Eun-jae tries to make the best of her first day on the job, but she’s not getting any help from Mu-yeol. Her grudge stems from him playing for the Worst Team Ever, but his grudge just seems to be at being saddled with an anti-fan. They squabble in the car and outside of it, stopping only when Eun-jae face-plants him onto the car in an effort to ‘protect’ him. Pfft, some athlete he is.
If he does get one benefit out of her company, it’s that he’s batting better. Could be because he imagines her face on every ball he hits.
There has been many a man-child in dramas, but Mu-yeol is literally more and more like an actual child at every turn. Is there a reason to take Eun-jae up into the mountains just so he can tell her to find her own way back home? No, but he enjoys doing it all the same. His fun derives from other people’s misfortune – and now with Eun-jae to pick on, it’s like he’s drinking liquid happiness.
Eun-jae’s not much more of an adult, and after kicking his car she makes a run for it. But she’s without a phone and a means of getting home, so she tries to wave down any car she sees for a ride. She finally ends up stopping one, and she recognizes the woman inside as the same one she bumped into leaving the karaoke bar the night of the judo throw. She hasn’t been formally introduced yet, but we’ll go ahead and dispense with that here – she’s OH SOO-YOUNG (Hwang Sun-hee), apparently on her way to meet Mu-yeol and unable to give Eun-jae a lift.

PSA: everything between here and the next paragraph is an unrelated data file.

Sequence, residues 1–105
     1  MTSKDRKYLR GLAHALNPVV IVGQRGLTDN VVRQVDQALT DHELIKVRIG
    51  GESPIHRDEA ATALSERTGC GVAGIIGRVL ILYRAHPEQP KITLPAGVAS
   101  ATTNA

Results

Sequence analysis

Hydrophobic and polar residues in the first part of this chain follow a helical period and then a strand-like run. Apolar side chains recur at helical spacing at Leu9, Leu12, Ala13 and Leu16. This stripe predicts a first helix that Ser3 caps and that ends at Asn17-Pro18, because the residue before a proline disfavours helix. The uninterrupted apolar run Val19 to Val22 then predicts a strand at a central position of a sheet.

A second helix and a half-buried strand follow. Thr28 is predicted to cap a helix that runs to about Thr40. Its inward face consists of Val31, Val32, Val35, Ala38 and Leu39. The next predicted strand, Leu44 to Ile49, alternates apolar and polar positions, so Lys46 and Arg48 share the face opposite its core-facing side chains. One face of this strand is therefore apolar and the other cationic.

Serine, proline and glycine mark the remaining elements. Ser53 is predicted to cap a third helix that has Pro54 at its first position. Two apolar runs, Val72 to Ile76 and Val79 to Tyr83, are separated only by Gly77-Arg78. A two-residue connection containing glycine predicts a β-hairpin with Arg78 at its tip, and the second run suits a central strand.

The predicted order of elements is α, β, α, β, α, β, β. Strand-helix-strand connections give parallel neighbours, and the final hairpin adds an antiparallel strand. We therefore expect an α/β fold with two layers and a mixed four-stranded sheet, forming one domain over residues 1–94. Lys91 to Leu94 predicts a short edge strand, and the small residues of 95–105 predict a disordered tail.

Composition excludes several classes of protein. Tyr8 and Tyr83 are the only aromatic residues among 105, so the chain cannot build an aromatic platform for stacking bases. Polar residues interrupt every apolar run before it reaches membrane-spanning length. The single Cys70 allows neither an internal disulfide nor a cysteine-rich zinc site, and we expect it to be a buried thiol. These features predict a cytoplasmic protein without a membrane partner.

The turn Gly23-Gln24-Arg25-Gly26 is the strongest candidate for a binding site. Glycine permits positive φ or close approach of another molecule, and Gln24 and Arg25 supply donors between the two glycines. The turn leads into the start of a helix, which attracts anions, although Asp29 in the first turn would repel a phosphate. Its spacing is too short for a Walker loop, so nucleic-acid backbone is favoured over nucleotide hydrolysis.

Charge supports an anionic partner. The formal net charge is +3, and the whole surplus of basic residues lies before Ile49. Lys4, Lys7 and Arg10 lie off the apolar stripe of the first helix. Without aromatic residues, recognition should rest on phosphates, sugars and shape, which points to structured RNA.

That leaves our plucky heroine to walk home all on her own, cursing Mu-yeol every step of the way. It’s not surprising that she ends up sick because of it, but she doesn’t let that deter her from doing her fan duty to the Red Dreamers by posting salacious rumors about him on the internet. “He’s the biggest asshole in the world,” is the reasoning she uses to defend her actions. I have to appreciate her devotion – and the fact that her room looks like it should belong to a twelve-year-old boy.
The next day, Eun-jae is forced to attend to Mu-yeol at a Red Dreamers fan-signing event. She’s a little off her normal game because of her cold, of which Mu-yeol displays no sympathy – he just threatens her life should he catch it from her. Eun-jae is then forced to silently bear all his devout fans sing his praises, her negative thoughts boiling up inside. She’s got an answer for every word of praise, but it’s even funnier when she starts singing the Blue Seagulls anthem in her head to counteract a group of fans singing the Red Dreamers anthem.